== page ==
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Friday, 12 July 2013

Brussels Briefing: Major fish farming potential in ACP largely untapped

While the global demand for fish is climbing faster than current resources can meet, fish farming or aquaculture remains a largely underdeveloped industry in African, Caribbean and Pacific regions – this was one of the main conclusions of the experts speaking at the 32nd Brussels Briefing on "Fish-farming", which took place on 3rd of July at the ACP Secretariat in Brussels.
The speakers noted almost unanimously  the “significant potential” of the sector across ACP regions, if the right policies were in place. 

Africa:
Senior fisheries advisor at the New partnership for Africa’s Development (NEPAD), Sloans Chimatiro said that while the tonnage of aquaculture production in Africa pales in comparison to Asia, the rate of expansion is “spectacular”, with an 80-90% growth within the last five years.
But even with this increase, fish supply – both captured and farmed – will not be able to fulfil demand in Sub-Saharan Africa by 2015: “Africa might be able to import fish from other parts of the world, but I think there is potential is to increase the amount of fish produced locally could lie in the aquaculture subsector,” Chimatiro disclosed.
In this context, Chimatiro considers that market-led approaches could be the best solution for boosting aquaculture growth in Africa (for example, the commercially driven model in Nigeria, which also offers opportunities to rural youth).
He also mentioned good governance and political will as key aspects for the development of the industry. In fact, the African Union Heads of States - at the Food Security Summit in Abuja, Nigeria in December - named fisheries and aquaculture as strategic commodities alongside rice, maize and other strategic food products.

Caribbean:
Executive Director of the Caribbean Regional Fisheries Mechanism (CRFM), Milton Haughton also pointed to the high per capita fish consumption in the Caribbean – 77kg each year in Antigua, and more than 30kg each in the Bahamas, Barbados, Grenada and St. Kitts. He revealed though that most supply are imported, due to the high input cost of fish farming. Another factor he mentioned for the low level of supply is a general decline of the industry since the mid-2000s, affected in parts by impacts of the global economic crisis and climate change. However, “despite the recent decline in aquaculture production, it has actually provided an opportunity to have a new look at the aquaculture industry in the region and learn from the lessons and experiences,” stated Haughton.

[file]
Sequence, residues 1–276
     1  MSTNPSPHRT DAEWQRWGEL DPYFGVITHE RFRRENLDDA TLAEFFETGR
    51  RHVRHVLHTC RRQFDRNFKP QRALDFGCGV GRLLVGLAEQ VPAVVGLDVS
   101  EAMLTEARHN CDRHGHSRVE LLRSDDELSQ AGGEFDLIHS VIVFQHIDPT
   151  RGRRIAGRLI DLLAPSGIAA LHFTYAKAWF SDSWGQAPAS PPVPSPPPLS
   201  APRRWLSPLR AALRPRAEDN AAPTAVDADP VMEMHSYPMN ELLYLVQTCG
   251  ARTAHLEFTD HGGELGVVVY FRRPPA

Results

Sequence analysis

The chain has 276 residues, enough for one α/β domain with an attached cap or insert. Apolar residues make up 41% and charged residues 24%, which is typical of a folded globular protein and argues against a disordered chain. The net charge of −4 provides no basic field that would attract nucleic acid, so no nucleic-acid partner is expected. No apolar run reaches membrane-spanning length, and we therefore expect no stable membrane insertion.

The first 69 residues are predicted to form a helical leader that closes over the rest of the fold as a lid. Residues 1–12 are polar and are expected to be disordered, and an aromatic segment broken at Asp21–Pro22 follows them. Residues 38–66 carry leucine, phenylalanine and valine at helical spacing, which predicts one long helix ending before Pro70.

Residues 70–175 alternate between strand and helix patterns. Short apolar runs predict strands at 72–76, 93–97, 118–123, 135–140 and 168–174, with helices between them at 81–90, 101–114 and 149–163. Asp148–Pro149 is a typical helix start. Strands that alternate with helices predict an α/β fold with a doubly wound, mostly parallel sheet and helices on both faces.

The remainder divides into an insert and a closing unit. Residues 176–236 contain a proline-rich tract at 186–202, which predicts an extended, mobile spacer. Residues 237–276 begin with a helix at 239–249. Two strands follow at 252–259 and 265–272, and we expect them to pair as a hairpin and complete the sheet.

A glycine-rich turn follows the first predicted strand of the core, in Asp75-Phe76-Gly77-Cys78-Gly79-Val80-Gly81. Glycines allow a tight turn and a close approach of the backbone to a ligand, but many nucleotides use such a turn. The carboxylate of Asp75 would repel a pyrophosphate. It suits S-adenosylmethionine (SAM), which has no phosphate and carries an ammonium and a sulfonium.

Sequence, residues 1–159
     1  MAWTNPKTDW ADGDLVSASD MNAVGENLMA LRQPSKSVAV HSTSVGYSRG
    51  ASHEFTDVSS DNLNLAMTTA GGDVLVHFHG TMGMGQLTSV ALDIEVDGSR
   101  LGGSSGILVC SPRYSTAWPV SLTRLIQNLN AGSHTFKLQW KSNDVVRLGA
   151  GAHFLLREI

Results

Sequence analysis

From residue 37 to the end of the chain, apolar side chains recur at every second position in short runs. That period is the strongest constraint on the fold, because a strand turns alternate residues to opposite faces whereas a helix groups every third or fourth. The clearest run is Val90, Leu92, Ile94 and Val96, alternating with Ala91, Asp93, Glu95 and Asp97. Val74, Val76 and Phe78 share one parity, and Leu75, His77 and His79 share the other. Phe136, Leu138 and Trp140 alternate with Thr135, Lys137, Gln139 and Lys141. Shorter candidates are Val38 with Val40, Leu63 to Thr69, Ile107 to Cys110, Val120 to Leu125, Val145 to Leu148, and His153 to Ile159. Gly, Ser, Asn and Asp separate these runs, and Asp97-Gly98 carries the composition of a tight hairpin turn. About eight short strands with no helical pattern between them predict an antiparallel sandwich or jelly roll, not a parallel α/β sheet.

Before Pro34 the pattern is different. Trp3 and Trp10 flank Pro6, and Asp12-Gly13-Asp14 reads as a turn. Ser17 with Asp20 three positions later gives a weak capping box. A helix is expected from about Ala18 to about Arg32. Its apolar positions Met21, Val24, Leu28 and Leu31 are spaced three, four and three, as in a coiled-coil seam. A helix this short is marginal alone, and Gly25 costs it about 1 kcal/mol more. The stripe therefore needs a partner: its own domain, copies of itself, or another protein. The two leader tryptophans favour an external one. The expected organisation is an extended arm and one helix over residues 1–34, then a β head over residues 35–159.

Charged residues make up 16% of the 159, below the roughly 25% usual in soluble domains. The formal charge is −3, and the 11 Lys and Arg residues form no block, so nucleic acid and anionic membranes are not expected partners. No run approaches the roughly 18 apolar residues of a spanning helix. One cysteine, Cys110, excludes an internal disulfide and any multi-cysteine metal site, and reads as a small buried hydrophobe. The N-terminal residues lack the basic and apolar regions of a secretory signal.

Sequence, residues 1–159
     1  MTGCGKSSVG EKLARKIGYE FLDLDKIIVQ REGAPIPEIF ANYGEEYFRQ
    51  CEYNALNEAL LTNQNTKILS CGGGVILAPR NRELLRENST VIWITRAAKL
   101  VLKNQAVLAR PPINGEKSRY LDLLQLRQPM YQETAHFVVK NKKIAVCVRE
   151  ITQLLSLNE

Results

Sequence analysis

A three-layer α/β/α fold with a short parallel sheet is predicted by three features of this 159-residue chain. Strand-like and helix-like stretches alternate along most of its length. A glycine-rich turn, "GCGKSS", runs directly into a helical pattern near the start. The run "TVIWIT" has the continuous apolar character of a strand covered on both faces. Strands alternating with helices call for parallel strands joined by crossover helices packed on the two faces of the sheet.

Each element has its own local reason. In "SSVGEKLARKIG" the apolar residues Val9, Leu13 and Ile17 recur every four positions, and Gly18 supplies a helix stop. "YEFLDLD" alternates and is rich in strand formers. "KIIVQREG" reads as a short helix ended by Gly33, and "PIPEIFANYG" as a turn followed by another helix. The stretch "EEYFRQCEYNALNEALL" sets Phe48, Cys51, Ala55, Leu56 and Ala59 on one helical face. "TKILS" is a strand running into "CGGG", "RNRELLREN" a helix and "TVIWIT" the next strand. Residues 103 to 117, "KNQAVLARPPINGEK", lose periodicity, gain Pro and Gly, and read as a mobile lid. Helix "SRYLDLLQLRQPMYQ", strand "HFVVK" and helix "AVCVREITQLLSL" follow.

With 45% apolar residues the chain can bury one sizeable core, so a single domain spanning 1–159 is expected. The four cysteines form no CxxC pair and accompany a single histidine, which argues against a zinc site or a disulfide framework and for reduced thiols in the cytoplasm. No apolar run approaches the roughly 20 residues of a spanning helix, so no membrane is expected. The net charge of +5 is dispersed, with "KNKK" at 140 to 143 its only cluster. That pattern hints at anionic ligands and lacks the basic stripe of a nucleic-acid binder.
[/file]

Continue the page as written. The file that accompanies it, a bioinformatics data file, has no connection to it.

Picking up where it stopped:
For the Caribbean, a regional CARICOM development strategy for 2013-2020 includes plans to develop the sector by adopting an ecosystem approach to aquaculture, creating a regional working group, as well as enabling policy and legal frameworks. Voluntary guidelines and best management practices and standards are also expected.


Pacific:

Lastly, the Pacific region was described as a strong domestic market base, which is buoyed by vast territorial waters - similar in size to the African continent.  Yet, the island landmasses are small and scattered, which hinders a solid development of the sector.
Aquaculture specialist from the Secretariat of the Pacific Community (SPC), Tim Pickering stressed that for Pacific micro-economies, even small developments in aquaculture can have an impact. While regional earnings top only US $200 – 250 million per year (mainly from blacklip pearl and shrimp), the socio-economic benefits for small communities are vital. For instance, in Papua New Guinea, 10,000 – 20,000 farmers raise tilapia and carp inland where fish is scarce. Sea weed farming is also ongoing in outlying small islands where there are few other economic opportunities. “It is low in value, but a little bit of cash in empty pockets makes a big difference,” Pickering said.
He added that the Pacific region can take lessons from aquaculture practices in Africa, especially in involving the private sector.

The briefings session also cited possible cooperation amongst fish farming groups in Africa, Caribbean and the Pacific. The EU-funded ACP Fish II programme – which provides assistance to fisheries development in ACP countries – was also mentioned in this context.

This event marked the 32nd edition of the Brussels Development Briefings – a regular event organized in Brussels by the Technical Centre for Agriculture (CTA) – in collaboration with the European Commission, the ACP Group, and other partners – on key issues and challenges for rural development in the context of EU/ACP cooperation.
For the full recording of the session, programme, speakers'bio data, and an in-depth research on the topic visit: http://brusselsbriefings.net


Source: ACP Secretariat